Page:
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J. Klammt (1), L. Kobelt (1), D. Aktas (2), I. Durak (3), A. Gokbuget (4), Q. Hughes (5), M. Irkec (6), I. Kurtulus (4), E. Lapi (7), H. Mechoulam (8), R. Mendoza-Londono (9), J. S. Palumbo (10), H. Steitzer (11), K. F. Tabbara (12), Z. Ozbek (3), N. Pucci (7), T. Sotomayor (13), M. Sturm (14), T. Drogies (15), M. Ziegler (1), V. Schuster (1)
(1) Hospital for Children and Adolescents, University of Leipzig, Leipzig, Germany; (2) Hacettepe University Medical School, Department of Genetics, Ankara, Turkey; (3) Department of Ophthalmology, Dokuz Eylul University School of Medicine, Izmir, Turkey; (4) Istanbul University, Faculty of Dentistry, Dept. of Periodontology, Capa, Istanbul; (5) School of Surgery and Pathology, University of Western Australia, Perth, Australia; (6) Department of Ophthalmology, Hacettepe University School of Medicine, Ankara, Turkey; (7) Children's Hospital “Anna Meyer”, Florence, Italy; (8) Department of Ophthalmology, Hadassah Medical Center, Jerusalem, Israel; (9) Division of Clinical and Metabolic Genetics, The Hospital for Sick Children and University of Toronto, Toronto, Canada; (10) Division of Hematology/Oncology, Cincinnati Children’s Hospital Medical Center, Cincinnati, USA; (11) Austrian Red Cross, Transfusion Service for Upper Austria, Linz, Austria; (12) The Eye Center and The Eye Foundation for Research in Ophthalmology, Riyadh, Saudi Arabia; (13) Pediatric Pulmonary Medicine, WVU Children's Hospital; (14) Division of Laboratory Medicine, Royal Perth Hospital, Perth, Australia; (15) Institute of Laboratory Medicine, Clinical Chemistry and Molecular Diagnostics, University of Leipzig, Leipzig, Germany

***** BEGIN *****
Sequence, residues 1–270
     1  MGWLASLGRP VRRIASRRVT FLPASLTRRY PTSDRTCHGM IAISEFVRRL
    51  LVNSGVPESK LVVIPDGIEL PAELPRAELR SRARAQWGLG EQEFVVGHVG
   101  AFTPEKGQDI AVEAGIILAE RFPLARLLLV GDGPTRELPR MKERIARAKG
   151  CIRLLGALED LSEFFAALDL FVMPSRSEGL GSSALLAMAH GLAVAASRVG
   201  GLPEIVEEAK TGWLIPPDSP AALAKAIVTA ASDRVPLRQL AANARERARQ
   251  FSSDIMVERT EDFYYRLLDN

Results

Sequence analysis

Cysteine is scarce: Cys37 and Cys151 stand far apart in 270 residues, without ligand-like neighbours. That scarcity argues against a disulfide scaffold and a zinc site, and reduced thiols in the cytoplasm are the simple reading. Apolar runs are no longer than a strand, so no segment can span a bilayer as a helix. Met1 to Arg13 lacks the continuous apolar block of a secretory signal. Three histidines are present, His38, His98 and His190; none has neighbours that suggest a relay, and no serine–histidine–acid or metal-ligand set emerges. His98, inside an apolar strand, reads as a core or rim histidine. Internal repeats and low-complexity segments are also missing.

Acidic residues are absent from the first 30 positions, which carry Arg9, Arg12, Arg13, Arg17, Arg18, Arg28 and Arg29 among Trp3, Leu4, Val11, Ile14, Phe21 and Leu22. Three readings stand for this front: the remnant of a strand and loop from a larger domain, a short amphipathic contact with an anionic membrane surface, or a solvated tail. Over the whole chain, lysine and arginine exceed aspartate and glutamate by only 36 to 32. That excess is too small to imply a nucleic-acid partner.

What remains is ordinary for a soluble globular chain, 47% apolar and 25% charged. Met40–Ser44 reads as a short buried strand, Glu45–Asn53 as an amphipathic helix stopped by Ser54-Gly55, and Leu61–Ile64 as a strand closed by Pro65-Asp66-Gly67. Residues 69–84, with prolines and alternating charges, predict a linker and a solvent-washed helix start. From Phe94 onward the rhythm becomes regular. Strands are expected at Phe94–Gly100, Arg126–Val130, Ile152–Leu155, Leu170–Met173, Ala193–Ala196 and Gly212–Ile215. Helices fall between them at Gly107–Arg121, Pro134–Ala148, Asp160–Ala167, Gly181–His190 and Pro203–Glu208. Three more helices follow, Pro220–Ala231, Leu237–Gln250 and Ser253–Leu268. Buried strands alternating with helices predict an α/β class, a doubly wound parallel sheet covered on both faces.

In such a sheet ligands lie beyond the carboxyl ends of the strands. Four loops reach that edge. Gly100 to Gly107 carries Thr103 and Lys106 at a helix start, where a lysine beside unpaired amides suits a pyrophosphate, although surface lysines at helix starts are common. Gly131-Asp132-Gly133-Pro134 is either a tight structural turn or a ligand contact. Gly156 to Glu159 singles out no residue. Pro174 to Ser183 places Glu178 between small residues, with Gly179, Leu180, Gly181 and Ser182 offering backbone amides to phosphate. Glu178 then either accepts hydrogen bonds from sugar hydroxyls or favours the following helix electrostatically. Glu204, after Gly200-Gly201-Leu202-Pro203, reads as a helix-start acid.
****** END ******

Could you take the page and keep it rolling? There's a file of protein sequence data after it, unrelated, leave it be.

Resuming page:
Inherited severe hypoplasminogenaemia is a multisystemic disorder leading to deficient extravascular fibrinolysis. As a clinical consequence wound healing capacity of mucous membranes is markedly impaired leading to ligneous conjunctivitis and several other manifestations. Here we report the molecular genetic and clinical findings on 23 new cases with severe hypoplasminogenaemia. Homozygous or compound-heterozygous mutations in the plasminogen (PLG) gene were found in 16 of 23 patients (70%), three of which were novel mutations reported here for the first time (C166Y, Y264S, IVS10–7T/G). Compared to 79 previously published cases, clinical manifestations of the current group of patients showed higher percentages of ligneous periodontitis, congenital hydrocephalus, and involvement of the female genital tract. In contrast, involvement of the gastrointestinal or urogenital tract was not observed in any of the cases. Patients originated to a large extent (61%) from Turkey and the Middle East, and showed a comparably frequent occurrence of consanguinity of affected families and a greater female to male ratio than was derived from previous reports in the literature. Individual treatment of ligneous conjunctivitis included topical plasminogen or heparin eye drops, topical or systemic fresh frozen plasma, and surgical removal of ligneous pseudomembranes, mostly with modest or transient efficacy. In conclusion, the present study underscores the broad range of clinical manifestations in PLG-deficient patients with a trend to regional differences. Transmission of genetic and clinical data to the recently established Plasminogen Deficiency Registry should help to determine the prevalence of the disease and to develop more efficient treatment strategies.
Inherited hypoplasminogenaemia, clinical heterogeneity, PLG gene mutations